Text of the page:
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Discussion in 'The Powder Keg' started by Kellen, Sep 17, 2020.

  1. Kellen

    Kellen G&G Evangelist

    I was just watching a BBC report on Hurricane Sally hitting, as they put it, “the continental United States.” I’ve heard that term before, usually in reference to the group of 48 states that existed up until Alaska was admitted as the 49th and Hawaii as the 50th states in 1959.

    The thing is, Alaska is part of the North American continent, so if the intent is to refer to the group of 48 states prior to 1959 then that just doesn’t work to say “the continental United States.”

    Then another common phrase I hear is “the lower 48 states.” From a geographical perspective there is no such thing as lower or upper since the planet is shaped more or less like a sphere. But I get what they mean. They’re thinking of a map where north is oriented “up” and south is “down,” so they are thinking the 48 states that are “lower” than Alaska.

    Well, the group of 48 states “lower” than Alaska excludes Washington since Hawaii is further south than Florida (yes, Washington is further north than Maine), so that really doesn’t work if the intent is to refer to the 48 states that existed prior to 1959.

    A couple other common words we hear are “coterminous” and “contiguous” in reference to the group of 48 states prior to 1959. Wrong uses again, even though USGS uses these terms because they are thinking of a perimeter line around the 48 states that existed prior to 1959. The problem is that coterminous means sharing a common boundary line (lines have termini, beginning and ending points, thus “-terminous”). So Oregon has a coterminous boundary with Idaho, but does not have a coterminous boundary with Nebraska. That is kind of the same idea behind “contiguous,” but contiguous means having a border in contact with another border. Oregon definitely does not contact Tennessee. However, the famous Four Corners where Colorado, Utah, Arizona, and New Mexico meet is contiguous (sharing a common contact point) without being coterminous.

    Much more rarely used is the word “conterminous.” Note the extra “n” in that word compared to coterminous. Conterminous and coterminous have exactly the same meaning, though technically conterminous is the more proper usage (coterminous evolved in English simply because it rolls off the tongue a little easier than conterminous).

    Other terms that don’t work: coextensive, adjoining, adjacent. Adjacent comes close, but implies nearness, and Oregon, for example, is definitely not near Florida. Some have also used the term “Mainland United States,” but that is just the same as saying continental United States. The US Army Air Forces used the artful phrase, “zone of the interior,” but that could mean anything.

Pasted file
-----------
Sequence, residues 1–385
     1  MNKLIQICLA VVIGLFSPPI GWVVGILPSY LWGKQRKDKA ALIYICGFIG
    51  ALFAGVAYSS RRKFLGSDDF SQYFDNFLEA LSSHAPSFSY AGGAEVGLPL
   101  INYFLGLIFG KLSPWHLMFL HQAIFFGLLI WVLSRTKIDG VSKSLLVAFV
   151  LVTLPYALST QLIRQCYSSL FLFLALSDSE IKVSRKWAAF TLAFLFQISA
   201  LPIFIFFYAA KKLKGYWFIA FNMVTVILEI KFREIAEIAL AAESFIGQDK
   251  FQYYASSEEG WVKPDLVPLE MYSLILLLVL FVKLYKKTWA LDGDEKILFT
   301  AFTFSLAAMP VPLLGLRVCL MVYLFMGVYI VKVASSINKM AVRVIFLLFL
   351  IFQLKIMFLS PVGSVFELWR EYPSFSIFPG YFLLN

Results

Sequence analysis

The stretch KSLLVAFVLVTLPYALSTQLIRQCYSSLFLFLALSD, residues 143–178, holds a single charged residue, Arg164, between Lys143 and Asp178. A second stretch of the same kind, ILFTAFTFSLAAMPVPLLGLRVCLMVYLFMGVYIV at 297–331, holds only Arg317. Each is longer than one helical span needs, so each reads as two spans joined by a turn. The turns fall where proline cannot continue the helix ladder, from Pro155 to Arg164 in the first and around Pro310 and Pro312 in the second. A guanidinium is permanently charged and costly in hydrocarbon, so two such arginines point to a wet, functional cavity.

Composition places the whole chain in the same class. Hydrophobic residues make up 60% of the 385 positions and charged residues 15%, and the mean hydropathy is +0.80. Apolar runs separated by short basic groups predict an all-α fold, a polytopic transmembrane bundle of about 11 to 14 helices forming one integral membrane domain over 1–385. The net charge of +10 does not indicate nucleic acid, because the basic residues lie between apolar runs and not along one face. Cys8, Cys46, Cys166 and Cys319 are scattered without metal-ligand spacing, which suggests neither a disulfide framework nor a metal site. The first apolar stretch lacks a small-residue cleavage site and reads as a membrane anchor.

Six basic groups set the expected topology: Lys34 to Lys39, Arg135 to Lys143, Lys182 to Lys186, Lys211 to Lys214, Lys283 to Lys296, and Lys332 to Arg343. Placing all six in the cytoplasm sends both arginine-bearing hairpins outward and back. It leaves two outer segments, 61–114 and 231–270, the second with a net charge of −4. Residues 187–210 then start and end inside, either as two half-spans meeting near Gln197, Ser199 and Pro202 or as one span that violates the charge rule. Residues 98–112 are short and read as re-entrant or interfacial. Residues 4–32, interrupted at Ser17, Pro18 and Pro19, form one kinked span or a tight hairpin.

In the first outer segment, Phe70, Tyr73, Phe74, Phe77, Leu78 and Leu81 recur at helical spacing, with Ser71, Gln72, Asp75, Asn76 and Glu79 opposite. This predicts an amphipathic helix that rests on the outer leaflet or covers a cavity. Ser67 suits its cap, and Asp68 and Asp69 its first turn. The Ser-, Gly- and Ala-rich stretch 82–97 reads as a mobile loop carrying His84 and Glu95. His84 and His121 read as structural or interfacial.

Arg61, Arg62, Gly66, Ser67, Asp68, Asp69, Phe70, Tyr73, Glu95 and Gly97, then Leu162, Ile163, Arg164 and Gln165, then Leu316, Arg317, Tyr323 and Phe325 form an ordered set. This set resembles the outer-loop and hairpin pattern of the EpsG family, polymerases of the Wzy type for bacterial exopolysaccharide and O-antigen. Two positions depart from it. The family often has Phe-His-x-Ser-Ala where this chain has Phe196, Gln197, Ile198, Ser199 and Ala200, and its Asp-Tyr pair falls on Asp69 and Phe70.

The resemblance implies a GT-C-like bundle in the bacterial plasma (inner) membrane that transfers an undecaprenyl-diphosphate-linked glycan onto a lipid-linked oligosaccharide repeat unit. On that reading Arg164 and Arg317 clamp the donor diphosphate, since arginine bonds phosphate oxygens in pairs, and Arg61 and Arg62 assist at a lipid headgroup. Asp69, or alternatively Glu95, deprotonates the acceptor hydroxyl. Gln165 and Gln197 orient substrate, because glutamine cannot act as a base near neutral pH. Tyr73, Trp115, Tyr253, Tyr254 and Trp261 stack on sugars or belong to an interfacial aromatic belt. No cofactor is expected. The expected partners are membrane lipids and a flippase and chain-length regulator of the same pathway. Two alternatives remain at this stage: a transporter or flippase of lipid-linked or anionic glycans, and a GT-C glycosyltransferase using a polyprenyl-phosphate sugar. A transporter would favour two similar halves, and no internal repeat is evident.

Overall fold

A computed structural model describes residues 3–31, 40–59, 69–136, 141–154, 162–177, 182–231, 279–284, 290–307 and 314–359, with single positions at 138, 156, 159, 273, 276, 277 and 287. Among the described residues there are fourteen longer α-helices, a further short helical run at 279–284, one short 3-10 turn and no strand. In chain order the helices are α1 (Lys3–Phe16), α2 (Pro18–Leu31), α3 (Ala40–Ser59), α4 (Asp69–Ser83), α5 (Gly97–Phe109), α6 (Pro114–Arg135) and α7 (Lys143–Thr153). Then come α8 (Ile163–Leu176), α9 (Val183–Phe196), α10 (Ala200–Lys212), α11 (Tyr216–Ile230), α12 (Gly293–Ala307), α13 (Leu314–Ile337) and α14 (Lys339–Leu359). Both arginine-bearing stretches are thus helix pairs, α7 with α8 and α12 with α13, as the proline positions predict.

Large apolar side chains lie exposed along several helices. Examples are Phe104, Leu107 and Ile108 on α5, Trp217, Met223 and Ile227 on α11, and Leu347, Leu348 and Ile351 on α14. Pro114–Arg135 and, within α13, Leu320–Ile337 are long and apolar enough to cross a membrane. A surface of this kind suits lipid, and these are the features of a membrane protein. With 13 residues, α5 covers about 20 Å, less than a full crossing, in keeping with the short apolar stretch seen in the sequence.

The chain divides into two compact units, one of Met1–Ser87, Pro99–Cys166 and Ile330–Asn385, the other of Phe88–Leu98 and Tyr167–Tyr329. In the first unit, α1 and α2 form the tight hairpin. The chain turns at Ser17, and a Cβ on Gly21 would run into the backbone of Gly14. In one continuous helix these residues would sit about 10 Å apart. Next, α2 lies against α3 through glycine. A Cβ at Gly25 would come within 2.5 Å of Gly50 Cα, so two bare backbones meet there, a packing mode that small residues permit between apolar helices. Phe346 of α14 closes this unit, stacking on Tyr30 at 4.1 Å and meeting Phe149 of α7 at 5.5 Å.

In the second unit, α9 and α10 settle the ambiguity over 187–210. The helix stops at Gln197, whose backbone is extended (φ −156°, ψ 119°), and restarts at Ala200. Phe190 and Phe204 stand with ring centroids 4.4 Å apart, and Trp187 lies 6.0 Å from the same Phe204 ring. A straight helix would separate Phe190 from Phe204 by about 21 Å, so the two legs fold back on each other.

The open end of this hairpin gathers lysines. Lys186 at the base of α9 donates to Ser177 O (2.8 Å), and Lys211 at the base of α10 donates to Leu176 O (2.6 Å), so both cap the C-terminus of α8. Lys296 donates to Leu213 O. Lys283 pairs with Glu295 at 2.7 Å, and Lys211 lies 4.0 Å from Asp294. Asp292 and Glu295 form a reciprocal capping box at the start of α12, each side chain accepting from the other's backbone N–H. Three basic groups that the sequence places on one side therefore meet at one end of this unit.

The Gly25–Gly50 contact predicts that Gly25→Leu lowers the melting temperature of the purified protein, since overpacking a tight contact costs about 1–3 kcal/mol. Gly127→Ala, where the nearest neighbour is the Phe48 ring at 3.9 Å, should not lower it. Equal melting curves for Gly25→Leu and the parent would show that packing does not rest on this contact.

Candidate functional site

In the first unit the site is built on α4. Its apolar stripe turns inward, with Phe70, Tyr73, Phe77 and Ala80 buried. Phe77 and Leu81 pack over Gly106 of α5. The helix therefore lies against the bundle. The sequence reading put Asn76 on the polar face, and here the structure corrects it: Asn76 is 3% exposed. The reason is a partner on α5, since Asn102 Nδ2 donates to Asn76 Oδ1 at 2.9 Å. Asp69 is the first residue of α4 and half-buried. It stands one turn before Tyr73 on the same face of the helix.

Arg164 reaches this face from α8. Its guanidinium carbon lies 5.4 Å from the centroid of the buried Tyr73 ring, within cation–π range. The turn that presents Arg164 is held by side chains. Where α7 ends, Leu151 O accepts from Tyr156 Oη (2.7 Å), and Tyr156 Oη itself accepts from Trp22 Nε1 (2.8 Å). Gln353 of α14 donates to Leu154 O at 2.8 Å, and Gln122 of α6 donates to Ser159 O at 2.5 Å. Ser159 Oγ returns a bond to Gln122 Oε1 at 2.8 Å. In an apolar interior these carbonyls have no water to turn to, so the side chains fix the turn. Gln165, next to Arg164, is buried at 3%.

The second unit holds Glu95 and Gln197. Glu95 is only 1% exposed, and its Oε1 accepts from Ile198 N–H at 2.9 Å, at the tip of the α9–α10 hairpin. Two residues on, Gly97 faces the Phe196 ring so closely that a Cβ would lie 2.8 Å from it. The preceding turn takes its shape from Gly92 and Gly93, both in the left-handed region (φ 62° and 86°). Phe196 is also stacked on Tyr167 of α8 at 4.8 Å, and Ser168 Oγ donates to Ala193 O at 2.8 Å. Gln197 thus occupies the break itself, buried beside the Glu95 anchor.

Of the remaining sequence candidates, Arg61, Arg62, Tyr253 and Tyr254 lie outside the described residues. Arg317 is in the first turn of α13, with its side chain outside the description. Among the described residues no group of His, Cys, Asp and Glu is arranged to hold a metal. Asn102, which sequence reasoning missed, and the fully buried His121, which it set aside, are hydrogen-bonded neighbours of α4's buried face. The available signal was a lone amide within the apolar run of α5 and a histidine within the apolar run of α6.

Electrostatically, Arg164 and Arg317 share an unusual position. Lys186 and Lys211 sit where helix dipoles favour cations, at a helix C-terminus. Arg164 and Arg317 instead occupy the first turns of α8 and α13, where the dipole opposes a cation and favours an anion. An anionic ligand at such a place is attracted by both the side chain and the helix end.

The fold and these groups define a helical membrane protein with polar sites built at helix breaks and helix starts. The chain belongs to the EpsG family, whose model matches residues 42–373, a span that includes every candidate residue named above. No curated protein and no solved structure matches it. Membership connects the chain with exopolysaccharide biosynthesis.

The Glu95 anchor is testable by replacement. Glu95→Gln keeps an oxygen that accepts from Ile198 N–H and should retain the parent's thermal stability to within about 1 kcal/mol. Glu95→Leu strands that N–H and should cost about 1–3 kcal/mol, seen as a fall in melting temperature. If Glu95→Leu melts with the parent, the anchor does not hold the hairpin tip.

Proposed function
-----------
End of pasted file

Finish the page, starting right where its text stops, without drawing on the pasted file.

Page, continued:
It’s a bit wordy to say “the 48 states that existed prior to Alaskan and Hawaiian statehood in 1959.” So what might be appropriate? Hard to say. Maybe “the states outside Alaska and Hawaii”? That is also too wordy. What we need is a pithy one-word adjective that is specifically appropriate, but I don’t have one for you.

    The bottom line: does anyone really care? Probably not, unless you’re a stickler about using appropriate words. Be that as it may, thought I’d share the above just for fun.

    Next up: improper use of the word “decimate.”
     
    Last edited: Sep 17, 2020
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  2. Huey Rider

    Huey Rider G&G Evangelist Forum Contributor

    THANX, needed some levity today.
     
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  3. BigEd63

    BigEd63 G&G Evangelist

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    Decimate. I've never seen that term used properly at least not by the proper definition.
    Although I've seen it demonstrated properly in The Fall of The Roman Empire and maybe Gladiator, which is kind of a remake of the former.
     
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  4. grizcty

    grizcty God, Guns, Glory Forum Contributor

    As a Alaskan outcast.
    We deal with the words "Lower 48" and "contiguous United States", on a daily basis. It is part of our verbal/written dictionary when ordering or shipping anything.
    As everybody except the USPS, treats us like a ugly red headed step child.
     
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  5. Ten Man

    Ten Man G&G Evangelist

    Watch out. You will get a reputation of being an English Teacher. :p:D
     
  6. Ten Man

    Ten Man G&G Evangelist

    Seems appropriate! LOL!!!
     
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  7. runfiverun

    runfiverun G&G Evangelist

    yeah, I mean someone's gotta do/be it.
     
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  8. mitchr

    mitchr G&G Evangelist

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    Seems I was wrong, but I always thought "contiguous" referred to states attainable by land, omitting only Hawaii. :oops:
     
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